If you’ve never found yourself surrounded by dozens of brilliant, empathetic, creative and determined women, you should consider giving it a try. If you’ve never gone from learning about how open source cloud computing platforms work straight to a discussion of microaggressions and how to deal with them, finishing things off by sharing your favorite feminist response gifs – well, maybe you should go to AdaCamp.
Writen By: Greta Doçi
All photos and posts are CC-BY SA

Discussing the hottest topics of the decentralized web at GET-D

„If you want to go fast, go alone. If you want to go far, go together.” is a more than adequate motto chosen by GET-D‘s organisers to give character to this event, a conference aiming to explore the status, possibilities and challenges of the decentralized web. In its first edition, GET-D took place between the 17th and 19th of September in the amazing Agora Collective space in Berlin-Neukölln.

BxuQ_imCEAEQSRa.jpg_large

Decentralized web is a relatively new topic for many, as it is my case, and completely unknown by the vast majority of the internet users. If you belong to the latter group, let me explain briefly what I understand behind this term: The internet that most of the people use today (let me call it mainstream web) is structured in a centralized manner and a huge percent of the information is stored in big data centres and routed through servers owned by gigantic corporations. This makes possible that we all enjoy great services such as our favourite social networks, search engines and cloud storage services but has several negative implications such as poor inter-operability between information sources and, as you might already be aware of, governments accessing your private data.

As an opposition to the current infrastructure, the decentralized web proposes a much more democratic approach, where logic and storage is more balanced across the nodes of the network. Going back to GET-D’s motto, this idea also supports strongly the principles of collaboration. Because, in order to make things work, every node needs to work with the others. Last but not least, the re-use of resources (being digital information or physical assets) is also one of the main benefits of this approach.

What can we expect from a new and decentralized web?

As part of GET-D’s programme, we had the opportunity to discover very interesting projects that bring a new perspective to aspects of our current digital lives. To mention just a few, we enjoyed the presence of the folks developing Mail Pile, a free, add-free and Open Source email client that you can run on your local machine or server so you actually have total control of your data. Or Leihbar, a platform that tries to shift our consumer society towards a sharing economy. Leihbar envisions a network of boxes spread through the cities, where users can have access to all kind of products for particular occasions: from a projector to watch a movie, through tools for fixing your bike to an inflatable boat to enjoy a day at the lake. This way, we do not need to buy stuff that we are going to use just from time to time, we share it with others.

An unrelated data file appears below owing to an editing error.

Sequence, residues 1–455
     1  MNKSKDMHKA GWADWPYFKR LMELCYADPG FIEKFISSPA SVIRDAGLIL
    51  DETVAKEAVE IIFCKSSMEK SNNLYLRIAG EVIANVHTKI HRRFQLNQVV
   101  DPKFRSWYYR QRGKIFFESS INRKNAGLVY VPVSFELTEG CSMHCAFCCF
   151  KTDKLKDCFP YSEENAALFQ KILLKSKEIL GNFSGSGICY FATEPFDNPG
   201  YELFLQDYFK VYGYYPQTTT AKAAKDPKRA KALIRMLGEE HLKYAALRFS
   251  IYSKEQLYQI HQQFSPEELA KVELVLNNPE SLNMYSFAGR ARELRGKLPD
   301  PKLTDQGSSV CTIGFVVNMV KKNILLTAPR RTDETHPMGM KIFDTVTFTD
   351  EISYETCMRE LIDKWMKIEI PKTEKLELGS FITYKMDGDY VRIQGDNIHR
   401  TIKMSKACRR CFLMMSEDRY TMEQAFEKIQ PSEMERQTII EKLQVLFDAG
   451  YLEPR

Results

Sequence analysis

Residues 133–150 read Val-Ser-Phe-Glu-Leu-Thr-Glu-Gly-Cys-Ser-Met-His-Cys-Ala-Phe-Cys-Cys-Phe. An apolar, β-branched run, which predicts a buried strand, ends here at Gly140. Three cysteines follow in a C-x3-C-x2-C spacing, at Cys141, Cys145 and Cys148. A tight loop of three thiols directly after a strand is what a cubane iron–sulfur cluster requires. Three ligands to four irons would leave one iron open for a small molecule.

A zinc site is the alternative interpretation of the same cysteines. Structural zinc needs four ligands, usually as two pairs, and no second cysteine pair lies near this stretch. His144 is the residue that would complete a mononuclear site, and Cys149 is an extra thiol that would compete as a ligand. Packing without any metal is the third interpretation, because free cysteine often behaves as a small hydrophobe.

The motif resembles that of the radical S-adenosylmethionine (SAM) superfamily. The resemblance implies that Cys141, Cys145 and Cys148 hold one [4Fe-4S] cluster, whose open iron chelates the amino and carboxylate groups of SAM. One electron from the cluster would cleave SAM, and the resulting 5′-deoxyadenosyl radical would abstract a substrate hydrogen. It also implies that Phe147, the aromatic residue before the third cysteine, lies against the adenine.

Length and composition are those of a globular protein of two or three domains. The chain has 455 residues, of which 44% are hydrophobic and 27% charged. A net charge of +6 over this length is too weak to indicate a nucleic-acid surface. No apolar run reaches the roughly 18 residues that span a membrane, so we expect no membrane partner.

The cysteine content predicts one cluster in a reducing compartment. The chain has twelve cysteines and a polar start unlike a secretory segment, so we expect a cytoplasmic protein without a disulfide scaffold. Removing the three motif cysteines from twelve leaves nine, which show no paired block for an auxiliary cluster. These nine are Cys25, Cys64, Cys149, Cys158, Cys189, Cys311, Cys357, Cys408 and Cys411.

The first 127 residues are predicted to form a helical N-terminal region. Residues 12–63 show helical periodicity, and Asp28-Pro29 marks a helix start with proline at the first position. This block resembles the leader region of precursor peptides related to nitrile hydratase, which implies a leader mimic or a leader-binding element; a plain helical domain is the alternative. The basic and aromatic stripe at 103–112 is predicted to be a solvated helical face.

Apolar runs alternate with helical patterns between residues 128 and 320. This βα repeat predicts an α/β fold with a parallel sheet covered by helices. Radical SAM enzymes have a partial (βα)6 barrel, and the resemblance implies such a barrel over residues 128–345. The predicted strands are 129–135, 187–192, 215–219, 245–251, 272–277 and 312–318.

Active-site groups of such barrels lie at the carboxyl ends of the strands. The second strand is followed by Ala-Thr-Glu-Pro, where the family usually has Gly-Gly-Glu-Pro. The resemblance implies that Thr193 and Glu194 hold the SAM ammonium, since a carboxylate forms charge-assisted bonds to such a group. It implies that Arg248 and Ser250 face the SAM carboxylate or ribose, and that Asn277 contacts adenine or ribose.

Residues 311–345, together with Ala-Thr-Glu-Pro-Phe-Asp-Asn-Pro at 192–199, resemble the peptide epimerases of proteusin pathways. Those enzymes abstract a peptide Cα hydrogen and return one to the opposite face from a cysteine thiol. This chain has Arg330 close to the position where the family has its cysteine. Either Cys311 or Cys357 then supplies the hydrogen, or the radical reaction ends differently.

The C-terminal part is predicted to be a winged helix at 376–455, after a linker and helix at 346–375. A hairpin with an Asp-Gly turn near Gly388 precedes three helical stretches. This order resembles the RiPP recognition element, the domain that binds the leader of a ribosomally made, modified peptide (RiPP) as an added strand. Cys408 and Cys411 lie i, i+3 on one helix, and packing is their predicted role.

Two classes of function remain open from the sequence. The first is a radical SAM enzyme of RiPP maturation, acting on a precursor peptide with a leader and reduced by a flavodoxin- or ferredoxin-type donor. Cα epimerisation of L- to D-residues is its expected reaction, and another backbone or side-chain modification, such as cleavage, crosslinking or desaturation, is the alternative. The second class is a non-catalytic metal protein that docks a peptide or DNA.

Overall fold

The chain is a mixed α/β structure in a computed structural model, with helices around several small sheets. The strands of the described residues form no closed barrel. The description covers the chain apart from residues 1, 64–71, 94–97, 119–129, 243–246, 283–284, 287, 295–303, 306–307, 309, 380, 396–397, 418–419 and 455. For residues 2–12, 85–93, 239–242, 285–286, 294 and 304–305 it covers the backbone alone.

Internet of things (IoT) is also a hot topic nowadays. We are seeing how all kind of devices are becoming connected to the internet. Cars, public infrastructure or even coffee machines are now capable of interacting with the digital world and between them, in a de-centralized manner. At GET-D, a couple of IoT-related projects were presented: Starting with RiotOS, a free LGPL-licensed operative system for those devices the IoT is being built upon, or Gatesense, a project which encourages the community to imagine and shape the future of this field. With such a vast amount of devices generating tons of information, initiatives are also being launched to help us managing it efficiently. It is the case of Jolocom, a distributed visualisation tool which helps users make sense of complex connections between persons, projects, sensors and devices from the Internet of Things.

Hackaton: After theory it comes coding